Thursday, April 12, 2007

Hydrogen Hype

There is an article in Culture Change about Hydrogen by Alice Friedemann that is a really good example of how someone who seemingly knows something about something in fact doesn't.

I know I should just let this go, but I hate it when bad thinking leads people to believe things that are the results of plain old specious reasoning.

So here goes.

According to the editors,
"It so happens our author has been a main factor in sinking the technofix illusion of hydrogen."

That may be true, but I would tend to give more credit to my friend Joe Romm, former Assistant Secretary of Energy under Clinton, and the author of The Hype about Hydrogen, which is one of the references in the story.

Ms Friedemann tends to conflate the Hydrogen Economy with the Fuel Cell economy. And she and Joe are both less than enthusiastic about the money that has gone into the so called Freedom Car initiative. As am I.

And I agree that making hydrogen out of coal or any other fossil fuel is not a road that we want to go down. But where I disagree is where it comes to making hydrogen out of wind or any other affordable renewable energy.

According to the author,

"Electrolysis is 70% efficient. To calculate the overall efficiency of making hydrogen from water, the standard equation is to multiply the efficiency of each step. In this case you would multiply the 30% efficient power plant times the 70% efficient electrolysis to get an overall efficiency of 20%. This means you have used four units of energy to create one unit of hydrogen energy."

This is true with electric plants with heat rates of over 10,000 BTUs/Kwh. However, our best combined cycle plants now have heat rates under 7,000 BTUs/Kwh which is almost a 50% efficiency. For those of you who don't know, there are 3414 BTUs in a Kwh.

And the best electrolysis units use less than 50 Kwhs per Kg of hydrogen produced. They are therefore a little better than 70 % efficient, some approaching 85%.

So using best practices and advanced technology, we would now be using 2.5 units instead of the author's 4 to create each unit of hydrogen.

But that is really not the point. What gets me is the next paragraph.

"Current wind turbines can generate electricity at 30-40% efficiency, producing hydrogen at an overall 25% efficiency (.35 wind electricity * .70 electrolysis of water), or 3 units of wind energy to get 1 unit of hydrogen energy. When the wind is blowing, that is."

This is where the author gives herself away I think. The statement that wind is 30 percent efficient is not only inaccurate, it is totally irrelevant here. Wind facilities in Texas have capacity factors between 30 and 40 %, but they are very, very efficient at extracting the power out of the wind that flows through their swept areas. The sophistry of the author's argument here is only slightly less mendacious than the ones we must endure from the current administration. Her solar argument is equally nonsensical.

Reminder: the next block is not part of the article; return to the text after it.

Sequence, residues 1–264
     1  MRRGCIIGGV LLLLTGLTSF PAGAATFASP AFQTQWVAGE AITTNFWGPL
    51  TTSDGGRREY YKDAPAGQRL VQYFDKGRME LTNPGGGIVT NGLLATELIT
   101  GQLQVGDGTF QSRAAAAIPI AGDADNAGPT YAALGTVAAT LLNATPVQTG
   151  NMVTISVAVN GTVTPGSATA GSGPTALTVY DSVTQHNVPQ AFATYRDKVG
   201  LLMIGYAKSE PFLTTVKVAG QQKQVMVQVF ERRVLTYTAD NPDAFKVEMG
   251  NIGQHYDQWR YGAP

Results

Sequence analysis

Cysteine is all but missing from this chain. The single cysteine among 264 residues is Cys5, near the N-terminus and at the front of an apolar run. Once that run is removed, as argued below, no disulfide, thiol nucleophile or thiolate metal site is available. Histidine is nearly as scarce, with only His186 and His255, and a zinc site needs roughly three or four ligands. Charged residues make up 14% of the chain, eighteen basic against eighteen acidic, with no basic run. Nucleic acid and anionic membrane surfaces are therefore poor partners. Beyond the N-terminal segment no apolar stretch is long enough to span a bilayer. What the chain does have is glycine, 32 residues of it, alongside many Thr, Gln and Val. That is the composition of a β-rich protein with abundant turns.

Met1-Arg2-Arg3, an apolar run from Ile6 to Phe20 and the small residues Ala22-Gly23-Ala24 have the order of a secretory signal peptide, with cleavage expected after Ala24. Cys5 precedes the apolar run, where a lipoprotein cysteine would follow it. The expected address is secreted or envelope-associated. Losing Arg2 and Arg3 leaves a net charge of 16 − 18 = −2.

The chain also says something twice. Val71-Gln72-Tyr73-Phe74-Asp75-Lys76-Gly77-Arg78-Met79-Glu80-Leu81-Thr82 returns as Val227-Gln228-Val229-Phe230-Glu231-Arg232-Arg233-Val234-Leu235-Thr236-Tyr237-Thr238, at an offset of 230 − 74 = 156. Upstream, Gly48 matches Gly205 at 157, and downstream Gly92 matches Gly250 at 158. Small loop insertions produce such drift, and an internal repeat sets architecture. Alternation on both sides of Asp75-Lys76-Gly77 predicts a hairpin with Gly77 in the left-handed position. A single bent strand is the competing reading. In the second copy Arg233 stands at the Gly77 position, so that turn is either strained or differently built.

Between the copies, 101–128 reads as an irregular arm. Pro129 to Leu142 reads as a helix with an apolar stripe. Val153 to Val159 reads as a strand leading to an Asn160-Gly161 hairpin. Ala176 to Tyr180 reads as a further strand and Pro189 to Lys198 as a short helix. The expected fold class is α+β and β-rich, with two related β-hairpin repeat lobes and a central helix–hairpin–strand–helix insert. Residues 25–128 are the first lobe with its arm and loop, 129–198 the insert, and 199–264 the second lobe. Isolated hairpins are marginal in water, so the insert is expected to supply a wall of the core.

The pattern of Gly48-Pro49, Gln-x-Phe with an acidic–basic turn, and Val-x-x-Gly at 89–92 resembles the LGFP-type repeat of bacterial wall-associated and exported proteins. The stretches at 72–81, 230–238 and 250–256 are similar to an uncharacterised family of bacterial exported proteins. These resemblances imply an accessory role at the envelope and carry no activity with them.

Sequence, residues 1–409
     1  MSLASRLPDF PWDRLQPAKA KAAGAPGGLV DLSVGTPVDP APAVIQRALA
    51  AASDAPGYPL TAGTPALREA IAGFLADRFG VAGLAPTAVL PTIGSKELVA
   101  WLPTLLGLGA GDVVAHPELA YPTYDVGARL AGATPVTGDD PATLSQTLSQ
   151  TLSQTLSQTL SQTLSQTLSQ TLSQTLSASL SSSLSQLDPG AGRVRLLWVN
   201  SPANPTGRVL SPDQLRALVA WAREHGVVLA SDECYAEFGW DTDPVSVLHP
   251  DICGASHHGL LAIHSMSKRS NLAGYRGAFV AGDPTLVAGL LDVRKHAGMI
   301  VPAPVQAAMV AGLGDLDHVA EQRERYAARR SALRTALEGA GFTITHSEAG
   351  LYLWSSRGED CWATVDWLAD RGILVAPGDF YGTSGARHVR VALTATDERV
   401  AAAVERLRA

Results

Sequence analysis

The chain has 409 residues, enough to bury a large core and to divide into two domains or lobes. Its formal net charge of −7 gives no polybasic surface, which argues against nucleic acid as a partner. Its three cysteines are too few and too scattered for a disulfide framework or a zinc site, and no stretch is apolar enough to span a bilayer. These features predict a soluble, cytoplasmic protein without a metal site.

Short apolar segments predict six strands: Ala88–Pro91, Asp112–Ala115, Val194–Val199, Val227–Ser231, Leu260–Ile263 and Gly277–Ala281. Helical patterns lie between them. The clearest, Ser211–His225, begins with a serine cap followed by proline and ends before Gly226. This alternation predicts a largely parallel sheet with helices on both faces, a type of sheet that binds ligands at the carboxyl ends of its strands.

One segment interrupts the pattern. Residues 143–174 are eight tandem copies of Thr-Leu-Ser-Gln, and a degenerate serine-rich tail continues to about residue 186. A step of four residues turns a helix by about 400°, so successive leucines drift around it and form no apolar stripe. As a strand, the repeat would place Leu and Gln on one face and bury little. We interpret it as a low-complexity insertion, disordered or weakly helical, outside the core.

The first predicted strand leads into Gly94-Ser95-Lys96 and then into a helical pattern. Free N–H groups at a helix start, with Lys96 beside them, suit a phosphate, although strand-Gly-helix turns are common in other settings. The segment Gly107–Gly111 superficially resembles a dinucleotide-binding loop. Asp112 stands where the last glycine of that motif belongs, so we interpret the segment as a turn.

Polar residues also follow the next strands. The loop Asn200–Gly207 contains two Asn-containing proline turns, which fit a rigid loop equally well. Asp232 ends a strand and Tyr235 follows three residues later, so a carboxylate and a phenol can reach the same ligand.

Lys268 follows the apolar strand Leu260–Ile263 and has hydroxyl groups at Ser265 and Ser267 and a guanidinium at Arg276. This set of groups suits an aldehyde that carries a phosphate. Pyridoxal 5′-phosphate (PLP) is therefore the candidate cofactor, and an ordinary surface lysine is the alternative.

The preferred way to look at this would be to look at the total imbedded energy that went into making the wind turbine and putting it into service. Most energy wonks estimate that wind enjoys a "energy out" to "energy in" ratio of at least 12 to 1.

If we used all that wind to make hydrogen at 85% efficiency, the ratio is now 10 to 1. Of course we won't do that because we only need to make as much hydrogen from wind as we must. We would rather use the high grade nature of electrical fuel in our computers, compact flourescents, and our plug in hybrid cars instead.

And that leads me to another favorite saying of those who like to try to discount the use of hydrogen in an advanced solar /hydrogen/electric future.

It takes more energy to make hydrogen that you get back.

With that as a standard, we would not make electricity either. There are always losses when you transduce something into something else.

The author states, "No matter how you look at it, producing hydrogen from water is an energy sink. If you don't understand this concept, please mail me ten dollars and I'll send you back a dollar."

However, using wind, we make 10 units for each one invested, even after conversion to hydrogen. If the wind costs 3 cents/Kwh, ( and I have contracts under that at my utility), then the hydrogen gas will run around 16.00 per MCF of natural gas equivalent, including the amortization of all my equipment. That's twice the cost of natural gas now, but there are no carbon emissions and there is no depletion of resource. If the hydrogen was used as a transportation fuel, it would be $2.40 gallon of gas equivalent without any taxes.

Now don't get me wrong, if the round trip of wind electric to hydrogen to electricity is only 35 % efficient, I don't want to do too much of that. But until I get an ultra cap, or a giant fleet of plug ins to help me increase my renewable energy fractions, that's exactly what we may have to do if we want to reduce emissions by 80% in the next few decades.

My dollar is enclosed.


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Anonymous Anonymous said...

Oz - you got this one exactly right. One last point to add, if we do not spend money on transmission lines for those wind farms in West Texas, then we will have to continue curtailing some of the production. This energy that has near zero cost (actually the small variable cost for O&M) because you can not get it out to the grid. It could be used to make hydrogen even more economically than your 3 cent, contract wind energy. It would be leveling the load on those overstressed tie-lines, too.

Nature's Electric Inc.

6:10 AM  

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